The porch of the main temple was attached to the middle [of the building], but the space where walls [of the porch should have been] were curtained with purple [fabric], while the roof [of the porch] was placed merely on pillars. [2] So servants, having torn the decorative fabric from the [porch], extended [actions] of their hands on internal coverings of the temple. [3] Which, being removed, opened the view on comedic disfigurement of the statue, made from the oak, which was called Rugievit – the greatest one of them [deities of Karentia] all. [4] For swallows, which built rows of their nests under the beams [of the roof], accumulated a thick layer of filth on his breast. [5] [It was] such a deserved deity, and its image was so shamefully defiled by the winged [creatures]. [6] Further, on his head seven similar faces were colocated, which all were topped with the one crown. [7] Exactly the same number of swords in sheath, attached to the single belt, were depicted by the sculptor on his [sculpture’s] side, the eighth, the drawn [sword] he held in the right hand. [8] Which, tightly inserted in the fist, was fixed unmovable by the iron nail, and by hands, without severing [it], has not been possible to remove; so for cutting [the hand and other] things off that was a [good] excuse. [9] The bulkiness [of the statue] was greater than the usual human body, the height was really tall, such that Absalon, standing tippy-toe, barely could reach the beard [of the statue] with the axe, which he was accustomed to carry.

[1] Maius fanum vestibuli sui medio continebatur, sed ambo parietum loco purpura claudebantur, tecti fastigio solis dumtaxat columnis imposito. [2] Itaque ministri, direpto vestibuli cultu, tandem manus ad interiora fani velamina porrexerunt. [3] Quibus amotis, factum quercu simulacrum, quod Rugiaevitum vocabant, ab omni parte magno cum deformitatis ludibrio spectandum patebat. [4] Nam hirundines, quae sub oris eius lineamentis nidos molitae fuerant, in eiusdem pectus crebras stercorum sordes congesserant. [5] Dignum numen, cuius effigies tam deformiter a volucribus foedaretur. [6] Praeterea in eius capite septem humanae similitudinis facies consedere, quae omnes unius verticis superficie claudebantur. [7] Totidem quoque veros gladios cum vaginis uni cingulo appensos eius lateri artifex conciliaverat. Octavum in dextra destrictum tenebat. [8] Hunc pugno insertum firmissimo nexu ferreus clavus astrinxerat, nec manui nisi praecisae evelli poterat; quae res truncandae eius occasio exstitit. [9] Spissitudo illi supra humani corporis habitum erat: longitudo vero tanta, ut Absalon, supra primam pedum partem consistens, aegre mentum securicula, quam manu gestare consueverat, aequaret.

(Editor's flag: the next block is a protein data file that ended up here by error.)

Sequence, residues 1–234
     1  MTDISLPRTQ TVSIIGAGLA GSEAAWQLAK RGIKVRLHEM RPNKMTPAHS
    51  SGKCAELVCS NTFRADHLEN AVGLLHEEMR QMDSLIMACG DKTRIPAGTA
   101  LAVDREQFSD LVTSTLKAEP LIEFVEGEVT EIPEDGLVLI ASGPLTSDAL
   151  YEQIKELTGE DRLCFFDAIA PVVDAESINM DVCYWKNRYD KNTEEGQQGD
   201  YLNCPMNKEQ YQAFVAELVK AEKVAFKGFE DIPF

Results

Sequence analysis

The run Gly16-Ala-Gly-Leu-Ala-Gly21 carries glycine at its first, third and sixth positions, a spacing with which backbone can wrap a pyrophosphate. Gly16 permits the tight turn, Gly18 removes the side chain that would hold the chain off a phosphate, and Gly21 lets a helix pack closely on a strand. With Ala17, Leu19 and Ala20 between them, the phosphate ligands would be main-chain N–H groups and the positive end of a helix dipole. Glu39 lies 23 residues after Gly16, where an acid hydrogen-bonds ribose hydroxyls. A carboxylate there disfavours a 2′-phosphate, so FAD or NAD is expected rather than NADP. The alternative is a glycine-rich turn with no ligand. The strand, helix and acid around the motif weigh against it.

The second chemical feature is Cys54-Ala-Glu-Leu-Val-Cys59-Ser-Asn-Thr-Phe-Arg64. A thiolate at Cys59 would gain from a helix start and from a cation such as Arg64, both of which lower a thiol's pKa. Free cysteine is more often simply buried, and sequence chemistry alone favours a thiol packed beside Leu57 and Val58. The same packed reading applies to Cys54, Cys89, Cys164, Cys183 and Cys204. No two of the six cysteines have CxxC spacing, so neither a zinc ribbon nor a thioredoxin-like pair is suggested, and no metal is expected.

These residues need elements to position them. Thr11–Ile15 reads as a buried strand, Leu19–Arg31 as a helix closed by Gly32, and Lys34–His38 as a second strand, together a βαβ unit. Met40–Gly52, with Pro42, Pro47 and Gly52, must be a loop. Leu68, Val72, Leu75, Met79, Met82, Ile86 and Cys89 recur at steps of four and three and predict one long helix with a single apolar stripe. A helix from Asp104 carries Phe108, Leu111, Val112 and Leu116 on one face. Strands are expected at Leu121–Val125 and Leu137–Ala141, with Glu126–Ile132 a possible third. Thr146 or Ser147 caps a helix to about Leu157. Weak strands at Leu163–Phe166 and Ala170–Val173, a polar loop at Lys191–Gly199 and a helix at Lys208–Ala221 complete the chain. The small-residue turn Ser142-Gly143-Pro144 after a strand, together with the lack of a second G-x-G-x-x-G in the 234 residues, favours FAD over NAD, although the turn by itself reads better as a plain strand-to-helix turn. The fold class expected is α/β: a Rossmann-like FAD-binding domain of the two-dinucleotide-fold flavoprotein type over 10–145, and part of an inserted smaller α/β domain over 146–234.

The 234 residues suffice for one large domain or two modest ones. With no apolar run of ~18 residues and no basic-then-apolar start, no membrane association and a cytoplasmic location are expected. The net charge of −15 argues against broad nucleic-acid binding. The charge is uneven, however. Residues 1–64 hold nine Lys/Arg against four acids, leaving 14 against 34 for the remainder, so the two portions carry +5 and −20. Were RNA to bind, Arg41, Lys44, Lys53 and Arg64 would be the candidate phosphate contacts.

(Holder 577.39-578.7)

[1] This deity, endowed with powers similar to those Mars [has], was considered presiding over the wars. [2] Nothing delightful was in the appearance of this statue, [with] strokes of the rough carving underscoring its ugliness. [3] Now, many servants, to the great terror of the townspeople, started cutting by axes [the statue] at its ankles. [4] Which, being cut off, fell, producing sound when hitting the ground. [5] Seeing that insult of their deity’s powers, local people despised the change of [their] superstitious order.

[1] Hoc numen, perinde ac Martis viribus praeditum, bellis praeesse crediderant. [2] Nihil in hoc simulacro iucundum visentibus fuit, lineamentis impoliti caelaminis deformitate sordentibus. [3] Iamque famuli, maxima cum totius urbis exanimatione, tibiis eius secures applicare coeperunt. [4] Quibus abscissis, comitante sono, lapsus terrae truncus impingitur. [5] Hoc viso oppidani, dei sui viribus insultantes, religionem mutavere contemptu.

(Holder 578.7-14)

[1] Without its [the statue’s] destruction, the company of soldiers [even] more eagerly extended [action] of their hands on the statue of Porevit, who was worshipped in the next temple. [2] His statue, which five heads were placed on, was depicted without weapons. [3] Having cut off [that statue], they moved to the temple of Porenut. [4] That statue, displaying four faces [on the head], had the fifth inserted in its breast, and his left hand reached [for his] forehead, while the right hand – his chin. [5] On which the hits of axes of a number of servants fell.

[1] Nec eius excidio contentae satellitum manus, ad Porevitum simulacrum, quod in proxima aede colebatur, avidius porriguntur. [2] Id quinque capitibus consitum, sed armis vacuum fingebatur. [3] Quo succiso, Porenutii templum appetitur. [4] Haec statua, quattuor facies repraesentans, quintam pectori insertam habebat, cuius frontem laeva, mentum dextera tangebat. [5] Haec famulorum ministerio securibus icta concidit.